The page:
Electric vehicles have been the topic of conversation for years now, but the coronavirus has taken the EV trend to the next level. Car manufacturers from Nissan to Hyundai and Kia have all released new models, trying to gain market share. Countries are also pledging new tax credits as well as an increased number in electric vehicle charging stations in the years to come.
Sustainability reports, fleet electrification, electric vehicle initiatives and campaigns, industrial policies, driving range and more are all grabbing headlines. In fact, Deloitte estimates EVs will represent 10% of the total automotive share by 2024. EV prices are also dropping since the improvements in battery chemistry and overall cost is also decreasing.
Charging electric vehicles and driving range are crucial factors for drivers looking to switch from gasoline-powered to EV. Recharging time depends on multiple variables, including surprising ones such as the actual length of your charging cable. The power source along with the car’s charger capacity are crucial factors.
eTags reminds you that not all electrical outlets are the same. A Level 2-240 volts minimum will maximize the recharging effectiveness. For fastest possible charge, it’s best to plug in a DC fast charger. You can get up to 90 miles driving range, with just 30 minutes worth of charging.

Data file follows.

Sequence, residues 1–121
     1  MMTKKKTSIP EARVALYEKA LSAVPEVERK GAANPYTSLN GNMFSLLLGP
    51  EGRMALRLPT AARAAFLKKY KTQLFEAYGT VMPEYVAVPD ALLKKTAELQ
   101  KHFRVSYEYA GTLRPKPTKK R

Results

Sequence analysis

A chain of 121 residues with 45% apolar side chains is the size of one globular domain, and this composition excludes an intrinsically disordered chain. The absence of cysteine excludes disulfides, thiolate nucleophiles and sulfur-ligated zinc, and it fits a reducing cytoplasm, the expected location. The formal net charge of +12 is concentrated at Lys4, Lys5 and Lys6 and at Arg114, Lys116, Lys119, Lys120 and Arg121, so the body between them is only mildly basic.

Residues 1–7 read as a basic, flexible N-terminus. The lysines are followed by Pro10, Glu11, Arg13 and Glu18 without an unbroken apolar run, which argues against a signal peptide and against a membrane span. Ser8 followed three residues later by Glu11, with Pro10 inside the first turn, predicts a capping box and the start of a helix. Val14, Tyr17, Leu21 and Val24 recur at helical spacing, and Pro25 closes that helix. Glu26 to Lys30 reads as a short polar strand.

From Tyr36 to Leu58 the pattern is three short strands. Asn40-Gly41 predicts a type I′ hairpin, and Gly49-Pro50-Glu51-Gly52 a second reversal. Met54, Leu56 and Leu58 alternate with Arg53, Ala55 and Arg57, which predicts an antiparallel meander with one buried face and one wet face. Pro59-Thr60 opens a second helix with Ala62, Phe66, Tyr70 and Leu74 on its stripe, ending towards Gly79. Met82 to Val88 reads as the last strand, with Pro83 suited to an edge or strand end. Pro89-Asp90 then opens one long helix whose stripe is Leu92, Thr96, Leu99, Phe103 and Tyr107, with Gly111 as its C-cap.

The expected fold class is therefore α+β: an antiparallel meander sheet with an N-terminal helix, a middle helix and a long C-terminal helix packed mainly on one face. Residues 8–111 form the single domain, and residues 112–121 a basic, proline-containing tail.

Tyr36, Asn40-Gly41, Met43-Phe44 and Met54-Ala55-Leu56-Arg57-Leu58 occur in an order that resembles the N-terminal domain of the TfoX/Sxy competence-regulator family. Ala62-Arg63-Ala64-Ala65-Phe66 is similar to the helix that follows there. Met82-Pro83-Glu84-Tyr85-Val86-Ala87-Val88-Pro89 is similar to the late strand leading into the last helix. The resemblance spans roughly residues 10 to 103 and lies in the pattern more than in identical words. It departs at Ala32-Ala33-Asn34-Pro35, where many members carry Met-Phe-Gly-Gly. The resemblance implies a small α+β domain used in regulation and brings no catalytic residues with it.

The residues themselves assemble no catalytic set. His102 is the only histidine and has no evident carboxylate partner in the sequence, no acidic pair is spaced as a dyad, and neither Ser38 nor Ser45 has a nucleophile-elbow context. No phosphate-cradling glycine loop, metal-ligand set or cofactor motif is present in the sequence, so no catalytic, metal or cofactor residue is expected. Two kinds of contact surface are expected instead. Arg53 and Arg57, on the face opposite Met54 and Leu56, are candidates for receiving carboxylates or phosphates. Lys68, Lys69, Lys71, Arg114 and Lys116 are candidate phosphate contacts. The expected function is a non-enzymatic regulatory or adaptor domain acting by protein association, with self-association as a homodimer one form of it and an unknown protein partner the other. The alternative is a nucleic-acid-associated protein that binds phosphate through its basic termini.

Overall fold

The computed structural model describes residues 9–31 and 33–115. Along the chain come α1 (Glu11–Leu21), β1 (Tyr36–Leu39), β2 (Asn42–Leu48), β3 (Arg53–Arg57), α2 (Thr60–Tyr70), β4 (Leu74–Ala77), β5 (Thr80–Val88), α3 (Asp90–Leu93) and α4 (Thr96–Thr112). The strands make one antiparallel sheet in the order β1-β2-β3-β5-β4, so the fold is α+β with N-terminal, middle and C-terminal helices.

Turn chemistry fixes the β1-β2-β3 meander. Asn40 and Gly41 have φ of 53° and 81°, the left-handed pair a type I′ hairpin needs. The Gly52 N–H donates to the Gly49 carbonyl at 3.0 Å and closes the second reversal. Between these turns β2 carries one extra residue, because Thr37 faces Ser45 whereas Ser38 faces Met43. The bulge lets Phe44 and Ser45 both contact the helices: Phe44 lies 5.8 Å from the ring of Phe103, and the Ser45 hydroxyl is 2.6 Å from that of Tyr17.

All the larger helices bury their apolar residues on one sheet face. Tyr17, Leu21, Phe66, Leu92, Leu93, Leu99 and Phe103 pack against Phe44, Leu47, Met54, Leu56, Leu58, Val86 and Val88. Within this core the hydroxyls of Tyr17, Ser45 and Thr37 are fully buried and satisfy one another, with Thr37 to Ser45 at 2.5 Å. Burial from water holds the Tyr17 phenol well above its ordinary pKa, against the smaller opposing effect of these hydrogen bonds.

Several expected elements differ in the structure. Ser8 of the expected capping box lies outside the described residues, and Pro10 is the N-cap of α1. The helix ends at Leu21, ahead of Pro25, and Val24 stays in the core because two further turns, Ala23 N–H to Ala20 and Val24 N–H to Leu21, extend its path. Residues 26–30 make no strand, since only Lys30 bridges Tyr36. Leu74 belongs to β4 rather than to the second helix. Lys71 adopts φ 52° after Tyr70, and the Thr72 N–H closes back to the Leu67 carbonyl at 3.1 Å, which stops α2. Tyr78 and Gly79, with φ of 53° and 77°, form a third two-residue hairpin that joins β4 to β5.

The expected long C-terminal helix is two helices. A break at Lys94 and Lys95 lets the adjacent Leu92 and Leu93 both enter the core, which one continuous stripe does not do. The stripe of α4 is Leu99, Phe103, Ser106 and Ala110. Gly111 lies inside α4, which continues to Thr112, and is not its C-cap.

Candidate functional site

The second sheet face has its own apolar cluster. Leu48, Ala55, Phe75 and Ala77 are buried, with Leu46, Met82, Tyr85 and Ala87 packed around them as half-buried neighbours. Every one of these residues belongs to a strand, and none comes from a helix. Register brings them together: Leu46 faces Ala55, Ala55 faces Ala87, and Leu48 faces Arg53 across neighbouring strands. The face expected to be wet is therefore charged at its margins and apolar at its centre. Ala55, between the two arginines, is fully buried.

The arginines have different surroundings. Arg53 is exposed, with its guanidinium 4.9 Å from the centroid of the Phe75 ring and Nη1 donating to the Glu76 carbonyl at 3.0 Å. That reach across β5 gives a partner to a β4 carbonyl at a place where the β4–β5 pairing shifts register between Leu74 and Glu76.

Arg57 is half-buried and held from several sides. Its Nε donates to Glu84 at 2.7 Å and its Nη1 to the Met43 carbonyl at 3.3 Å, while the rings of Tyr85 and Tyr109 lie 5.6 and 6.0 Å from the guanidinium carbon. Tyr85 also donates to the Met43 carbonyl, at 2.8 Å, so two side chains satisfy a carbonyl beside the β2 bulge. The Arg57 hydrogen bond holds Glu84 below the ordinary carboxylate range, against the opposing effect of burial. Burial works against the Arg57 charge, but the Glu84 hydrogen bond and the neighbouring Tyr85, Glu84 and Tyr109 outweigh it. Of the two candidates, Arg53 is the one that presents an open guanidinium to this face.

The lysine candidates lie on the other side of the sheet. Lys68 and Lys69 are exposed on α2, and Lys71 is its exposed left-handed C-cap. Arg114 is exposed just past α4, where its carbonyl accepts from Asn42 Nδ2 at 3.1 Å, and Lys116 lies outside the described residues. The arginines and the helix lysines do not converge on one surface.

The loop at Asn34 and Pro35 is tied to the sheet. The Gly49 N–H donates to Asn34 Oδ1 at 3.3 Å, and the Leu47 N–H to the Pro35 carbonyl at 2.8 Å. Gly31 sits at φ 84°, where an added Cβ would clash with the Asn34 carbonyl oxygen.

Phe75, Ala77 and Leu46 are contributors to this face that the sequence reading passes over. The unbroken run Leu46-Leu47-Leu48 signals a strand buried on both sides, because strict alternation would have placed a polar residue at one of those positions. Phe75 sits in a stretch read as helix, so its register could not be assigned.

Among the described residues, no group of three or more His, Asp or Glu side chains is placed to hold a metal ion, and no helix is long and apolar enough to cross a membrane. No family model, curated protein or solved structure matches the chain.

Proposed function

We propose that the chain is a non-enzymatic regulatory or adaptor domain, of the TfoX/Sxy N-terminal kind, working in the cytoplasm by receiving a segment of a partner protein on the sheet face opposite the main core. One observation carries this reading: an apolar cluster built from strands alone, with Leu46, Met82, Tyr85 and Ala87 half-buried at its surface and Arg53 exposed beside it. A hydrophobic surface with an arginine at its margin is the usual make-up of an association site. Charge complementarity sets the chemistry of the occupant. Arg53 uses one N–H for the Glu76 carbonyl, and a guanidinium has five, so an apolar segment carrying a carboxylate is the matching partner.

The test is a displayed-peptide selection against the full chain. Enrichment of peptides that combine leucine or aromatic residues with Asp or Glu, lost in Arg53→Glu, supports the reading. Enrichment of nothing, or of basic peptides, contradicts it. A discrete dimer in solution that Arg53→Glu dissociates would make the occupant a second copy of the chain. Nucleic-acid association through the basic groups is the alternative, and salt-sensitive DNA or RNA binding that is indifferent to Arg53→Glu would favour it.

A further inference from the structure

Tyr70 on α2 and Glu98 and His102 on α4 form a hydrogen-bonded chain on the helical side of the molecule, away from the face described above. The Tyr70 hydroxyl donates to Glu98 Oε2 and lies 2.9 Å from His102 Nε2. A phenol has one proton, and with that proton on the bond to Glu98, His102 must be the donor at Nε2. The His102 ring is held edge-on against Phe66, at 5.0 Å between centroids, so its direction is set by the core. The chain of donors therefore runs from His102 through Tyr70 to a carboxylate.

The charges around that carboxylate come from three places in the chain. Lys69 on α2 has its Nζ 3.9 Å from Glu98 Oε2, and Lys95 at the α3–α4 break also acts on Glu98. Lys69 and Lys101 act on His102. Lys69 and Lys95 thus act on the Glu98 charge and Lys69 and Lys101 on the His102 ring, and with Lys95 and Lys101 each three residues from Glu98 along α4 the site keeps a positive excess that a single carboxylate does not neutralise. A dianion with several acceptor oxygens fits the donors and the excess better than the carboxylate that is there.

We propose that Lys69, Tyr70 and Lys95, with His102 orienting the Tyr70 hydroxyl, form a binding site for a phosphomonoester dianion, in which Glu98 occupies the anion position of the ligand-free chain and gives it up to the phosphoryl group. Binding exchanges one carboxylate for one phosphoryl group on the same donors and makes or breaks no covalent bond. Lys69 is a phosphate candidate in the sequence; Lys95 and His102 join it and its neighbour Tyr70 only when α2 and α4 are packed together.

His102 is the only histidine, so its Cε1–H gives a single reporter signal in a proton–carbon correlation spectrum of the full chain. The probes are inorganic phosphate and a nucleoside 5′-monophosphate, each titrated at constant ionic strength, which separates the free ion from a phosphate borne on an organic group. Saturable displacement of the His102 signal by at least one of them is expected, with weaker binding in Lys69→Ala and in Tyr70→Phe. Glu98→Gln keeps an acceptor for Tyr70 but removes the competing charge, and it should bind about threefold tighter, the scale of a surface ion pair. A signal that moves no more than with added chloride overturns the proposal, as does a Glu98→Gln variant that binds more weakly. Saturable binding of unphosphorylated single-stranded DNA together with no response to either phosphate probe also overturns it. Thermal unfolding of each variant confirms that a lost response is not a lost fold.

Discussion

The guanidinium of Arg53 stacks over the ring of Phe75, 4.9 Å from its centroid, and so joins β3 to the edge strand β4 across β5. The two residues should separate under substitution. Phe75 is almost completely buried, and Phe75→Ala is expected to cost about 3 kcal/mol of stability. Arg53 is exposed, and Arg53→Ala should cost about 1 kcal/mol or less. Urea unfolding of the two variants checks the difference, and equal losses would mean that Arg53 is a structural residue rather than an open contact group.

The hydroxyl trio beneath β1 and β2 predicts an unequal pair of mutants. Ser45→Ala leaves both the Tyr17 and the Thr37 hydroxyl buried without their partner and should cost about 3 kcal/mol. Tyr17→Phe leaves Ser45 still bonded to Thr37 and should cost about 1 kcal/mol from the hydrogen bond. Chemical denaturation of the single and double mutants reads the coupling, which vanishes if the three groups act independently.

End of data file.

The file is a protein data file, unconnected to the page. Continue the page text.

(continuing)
It’s important to note though that not all car manufacturers accept DC charging. For example, the Chevrolet Bolt EV can only manage 50 kW while Porshe Taycan can charge up to 270 kW. The Mini Cooper recharges about 20% per hour. The Hyundai Kona Electric claims a driving range of up to 258 miles per charge on a 240-volt outlet. A DC charger also affects the battery’s state of charge. When SoC is less than 20% or over 80%, the charging rate slows down which can double the time it takes to recharge your EV.
Assuming your power source maximizes your charger, to know how much time you need to charge your electric vehicle, divide the battery capacity’s kWh number by the onboard charger’s power rating. Then add 10% to the loss correlated with the actual charging.
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A typical electric vehicle can take anywhere from 30 minutes to 12 hours to recharge, depending on the model and charging speed. For example, a 60 kWh battery takes about 8 hours to take an EV from empty to full, with a charging point of 7kW. Generally-speaking, you can add approximately 100 miles of driving range in about 35 minutes with a 50 kwh rapid charger.
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